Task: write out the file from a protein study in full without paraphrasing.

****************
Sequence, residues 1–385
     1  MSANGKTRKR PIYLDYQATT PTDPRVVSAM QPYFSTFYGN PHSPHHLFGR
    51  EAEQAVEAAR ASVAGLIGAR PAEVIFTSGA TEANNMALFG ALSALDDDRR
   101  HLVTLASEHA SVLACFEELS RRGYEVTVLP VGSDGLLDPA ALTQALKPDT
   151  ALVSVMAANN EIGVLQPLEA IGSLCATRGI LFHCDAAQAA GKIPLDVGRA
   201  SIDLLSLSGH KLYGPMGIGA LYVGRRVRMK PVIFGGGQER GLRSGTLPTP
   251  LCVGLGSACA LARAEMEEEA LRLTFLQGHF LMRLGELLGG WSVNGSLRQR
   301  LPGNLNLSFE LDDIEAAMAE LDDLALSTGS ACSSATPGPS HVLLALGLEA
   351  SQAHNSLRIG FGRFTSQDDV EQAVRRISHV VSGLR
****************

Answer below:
Sequence, residues 1–385
     1  MSANGKTRKR PIYLDYQATT PTDPRVVSAM QPYFSTFYGN PHSPHHLFGR
    51  EAEQAVEAAR ASVAGLIGAR PAEVIFTSGA TEANNMALFG ALSALDDDRR
   101  HLVTLASEHA SVLACFEELS RRGYEVTVLP VGSDGLLDPA ALTQALKPDT
   151  ALVSVMAANN EIGVLQPLEA IGSLCATRGI LFHCDAAQAA GKIPLDVGRA
   201  SIDLLSLSGH KLYGPMGIGA LYVGRRVRMK PVIFGGGQER GLRSGTLPTP
   251  LCVGLGSACA LARAEMEEEA LRLTFLQGHF LMRLGELLGG WSVNGSLRQR
   301  LPGNLNLSFE LDDIEAAMAE LDDLALSTGS ACSSATPGPS HVLLALGLEA
   351  SQAHNSLRIG FGRFTSQDDV EQAVRRISHV VSGLR